7 Secrets of Business Success

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If you know these secrets and apply them to your business, your path will be smoothed – without them you’ll almost certainly be struggling…

Hi! My name is Derek Dearden, and I have been running businesses from my home since 1981. My businesses have given me a great life, but I was baffled by the fact that sometimes everything I touched turned to gold, and at other times it was a horrendous struggle to even make a bare living. It would have been a lot easier if I knew the things I know now – the secrets I am sharing with you here. There’s almost nothing in our educational system to let us know what it takes to make a success of our own business, but I’ve discovered these principles which are at the root of the matter -regardless of what sort of operation you are running.

These are the Principles that apply to any business. Specific business models, and how to find the one that best suits you, are topics that I’ll deal with later. If you are already running a business, this page will ease and accelerate your growth to new heights. If you are on the point of starting out, this will ensure that you have a firm foundation from the word Go.

1. The Critical Question to ask yourself before you even start (but almost nobody does).
2. The 3 Reasons why it’s essential to have a specific target for your Earnings.
3. The two Activities that you as business owner must spend as much time on as possible.
4. How to find out whether your business stands a chance – before wasting your time and money.
5. Why 97% of Advertising is a waste of money – and how to make sure yours is in the other 3%.
6. How to ratchet up Profits relentlessly.
7. The one Essential Strategy on which all else depends.

I’ll run through each of these in turn for you now:

1. The Critical Question to ask yourself before you even start is:

“What do I want my Life to be like?”.

Most business owners never asked themselves that question – they just set out one day and got on with the job. Is it any wonder that – even if they become successful on one level, they all to often end up with a life that they don’t really Love?

  • maybe working long hours
  • maybe not having the time they’d like to spend with their family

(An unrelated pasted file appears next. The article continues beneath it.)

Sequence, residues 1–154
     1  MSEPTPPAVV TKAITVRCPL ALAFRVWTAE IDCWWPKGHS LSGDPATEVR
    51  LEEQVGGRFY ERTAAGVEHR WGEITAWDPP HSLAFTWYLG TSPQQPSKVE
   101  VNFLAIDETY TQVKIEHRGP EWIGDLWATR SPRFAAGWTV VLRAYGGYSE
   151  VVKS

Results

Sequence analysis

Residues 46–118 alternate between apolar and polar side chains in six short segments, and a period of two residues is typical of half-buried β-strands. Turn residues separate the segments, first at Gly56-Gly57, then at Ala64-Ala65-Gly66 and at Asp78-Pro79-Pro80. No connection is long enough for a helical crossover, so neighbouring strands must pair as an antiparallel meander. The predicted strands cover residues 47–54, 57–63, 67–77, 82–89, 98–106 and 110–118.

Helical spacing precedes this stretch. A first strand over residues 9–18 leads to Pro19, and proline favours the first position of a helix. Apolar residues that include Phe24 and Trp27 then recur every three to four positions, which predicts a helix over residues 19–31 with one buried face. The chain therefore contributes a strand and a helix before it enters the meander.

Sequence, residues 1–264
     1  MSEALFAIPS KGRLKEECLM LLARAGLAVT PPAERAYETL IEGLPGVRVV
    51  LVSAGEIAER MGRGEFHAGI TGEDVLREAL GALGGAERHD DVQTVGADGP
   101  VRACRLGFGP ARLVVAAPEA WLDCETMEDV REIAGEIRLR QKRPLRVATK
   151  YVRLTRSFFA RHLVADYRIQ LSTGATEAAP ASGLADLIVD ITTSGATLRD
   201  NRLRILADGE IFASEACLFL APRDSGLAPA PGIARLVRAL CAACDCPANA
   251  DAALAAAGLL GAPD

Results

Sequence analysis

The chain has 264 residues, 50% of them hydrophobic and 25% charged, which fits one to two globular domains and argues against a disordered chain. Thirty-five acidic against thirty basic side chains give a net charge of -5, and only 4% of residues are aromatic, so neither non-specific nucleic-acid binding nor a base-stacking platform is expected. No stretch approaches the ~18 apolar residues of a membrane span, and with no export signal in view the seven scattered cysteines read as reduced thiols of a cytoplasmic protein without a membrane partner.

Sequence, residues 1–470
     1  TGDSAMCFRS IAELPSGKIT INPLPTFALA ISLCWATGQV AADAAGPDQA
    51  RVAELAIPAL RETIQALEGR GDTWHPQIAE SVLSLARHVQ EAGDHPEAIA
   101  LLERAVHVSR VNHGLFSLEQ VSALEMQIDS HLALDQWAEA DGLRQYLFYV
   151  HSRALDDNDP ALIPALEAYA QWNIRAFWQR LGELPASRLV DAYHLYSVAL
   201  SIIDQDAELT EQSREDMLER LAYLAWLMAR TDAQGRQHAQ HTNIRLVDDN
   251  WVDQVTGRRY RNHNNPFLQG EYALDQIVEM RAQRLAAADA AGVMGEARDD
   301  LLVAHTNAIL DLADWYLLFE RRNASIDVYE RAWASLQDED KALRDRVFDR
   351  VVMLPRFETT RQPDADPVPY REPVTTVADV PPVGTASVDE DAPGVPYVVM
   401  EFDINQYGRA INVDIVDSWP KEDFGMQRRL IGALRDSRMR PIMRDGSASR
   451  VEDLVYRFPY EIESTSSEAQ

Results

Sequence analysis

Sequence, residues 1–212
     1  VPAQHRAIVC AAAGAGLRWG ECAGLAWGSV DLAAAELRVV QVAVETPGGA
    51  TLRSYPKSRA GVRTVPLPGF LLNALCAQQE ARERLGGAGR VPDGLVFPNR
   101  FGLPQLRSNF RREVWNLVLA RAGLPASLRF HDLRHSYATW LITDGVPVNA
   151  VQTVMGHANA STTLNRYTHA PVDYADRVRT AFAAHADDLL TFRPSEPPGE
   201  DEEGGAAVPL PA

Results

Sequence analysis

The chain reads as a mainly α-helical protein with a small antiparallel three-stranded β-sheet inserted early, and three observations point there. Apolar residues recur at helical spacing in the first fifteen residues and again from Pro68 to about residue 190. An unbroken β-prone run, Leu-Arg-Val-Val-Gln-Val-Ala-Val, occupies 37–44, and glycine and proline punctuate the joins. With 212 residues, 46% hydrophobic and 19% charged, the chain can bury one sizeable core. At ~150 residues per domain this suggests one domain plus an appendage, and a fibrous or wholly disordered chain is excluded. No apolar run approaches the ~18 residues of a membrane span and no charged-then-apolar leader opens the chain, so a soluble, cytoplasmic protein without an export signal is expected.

• maybe not developing themselves in other areas of life
  • and maybe even not having fun while running the business !

If you don’t create a vision of where you want to be in say five or ten years’ time, it’s like going on a voyage without a destination. You will have no way of navigating, and never know whether you’ve arrived or not. With a clear vision of what you want to accomplish, you can evaluate the opportunities that unfold before you. Do they contribute to the journey to your chosen destination or not?

As part of the free follow-up to this report, I’ll make available a simple guided visualisation exercise that will help you in this essential creative process.

2. The 3 Reasons why it’s essential to have a specific target for your Earnings:

Many people go into business with the financial goals vaguely defined: “to get the pressure off”… “to have more money”… “to make millions” etc. etc. Vague goals don’t serve you as well as specific numerical goals for your earnings for the following reasons:

a) You work most effectively when your subconscious mind is aligned with your conscious desires. The subconscious takes in the thoughts and self-talk you have, whether you intend that or not, and it takes things very literally, and deals far more powerfully with specifics than with generalisations. By having a specific amount of money defined, you will get the maximum empowerment from your subconscious.

b) You’ll know whether you are winning your game or not! Money is a means to an end, not an end in itself. Specifically, the money you want make is the money that is required to enable the life you created for yourself in the previous step. (I’ll be giving you a simple structure to help cost that out). When you’ve reached your target, maybe it’s time to relax a bit and start spending and enjoying it. Otherwise you might end up like all too many business owners – running like a hamster on a wheel, chasing an ever expanding goal.